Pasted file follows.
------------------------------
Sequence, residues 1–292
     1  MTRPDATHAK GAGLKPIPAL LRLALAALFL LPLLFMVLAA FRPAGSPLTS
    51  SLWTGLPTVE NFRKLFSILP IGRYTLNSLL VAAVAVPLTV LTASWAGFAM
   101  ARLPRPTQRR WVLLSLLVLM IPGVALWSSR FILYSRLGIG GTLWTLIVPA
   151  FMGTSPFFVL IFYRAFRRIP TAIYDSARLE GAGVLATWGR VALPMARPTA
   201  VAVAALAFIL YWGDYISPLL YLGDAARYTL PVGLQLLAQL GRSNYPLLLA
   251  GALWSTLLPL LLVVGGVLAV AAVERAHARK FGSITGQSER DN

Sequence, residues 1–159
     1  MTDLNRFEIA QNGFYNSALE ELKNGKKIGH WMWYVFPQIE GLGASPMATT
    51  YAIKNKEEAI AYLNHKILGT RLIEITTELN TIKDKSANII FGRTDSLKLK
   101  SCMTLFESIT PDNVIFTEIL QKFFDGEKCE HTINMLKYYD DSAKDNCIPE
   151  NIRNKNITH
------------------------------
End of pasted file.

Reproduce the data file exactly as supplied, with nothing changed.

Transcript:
Sequence, residues 1–292
     1  MTRPDATHAK GAGLKPIPAL LRLALAALFL LPLLFMVLAA FRPAGSPLTS
    51  SLWTGLPTVE NFRKLFSILP IGRYTLNSLL VAAVAVPLTV LTASWAGFAM
   101  ARLPRPTQRR WVLLSLLVLM IPGVALWSSR FILYSRLGIG GTLWTLIVPA
   151  FMGTSPFFVL IFYRAFRRIP TAIYDSARLE GAGVLATWGR VALPMARPTA
   201  VAVAALAFIL YWGDYISPLL YLGDAARYTL PVGLQLLAQL GRSNYPLLLA
   251  GALWSTLLPL LLVVGGVLAV AAVERAHARK FGSITGQSER DN

Sequence, residues 1–159
     1  MTDLNRFEIA QNGFYNSALE ELKNGKKIGH WMWYVFPQIE GLGASPMATT
    51  YAIKNKEEAI AYLNHKILGT RLIEITTELN TIKDKSANII FGRTDSLKLK
   101  SCMTLFESIT PDNVIFTEIL QKFFDGEKCE HTINMLKYYD DSAKDNCIPE
   151  NIRNKNITH